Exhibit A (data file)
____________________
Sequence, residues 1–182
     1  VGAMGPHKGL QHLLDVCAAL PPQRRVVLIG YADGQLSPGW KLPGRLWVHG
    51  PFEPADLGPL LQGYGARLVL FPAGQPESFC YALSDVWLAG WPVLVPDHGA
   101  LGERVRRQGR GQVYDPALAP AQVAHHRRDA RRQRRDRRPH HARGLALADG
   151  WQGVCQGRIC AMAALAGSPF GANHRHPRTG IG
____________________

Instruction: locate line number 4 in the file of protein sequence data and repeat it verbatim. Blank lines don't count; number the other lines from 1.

   101  LGERVRRQGR GQVYDPALAP AQVAHHRRDA RRQRRDRRPH HARGLALADG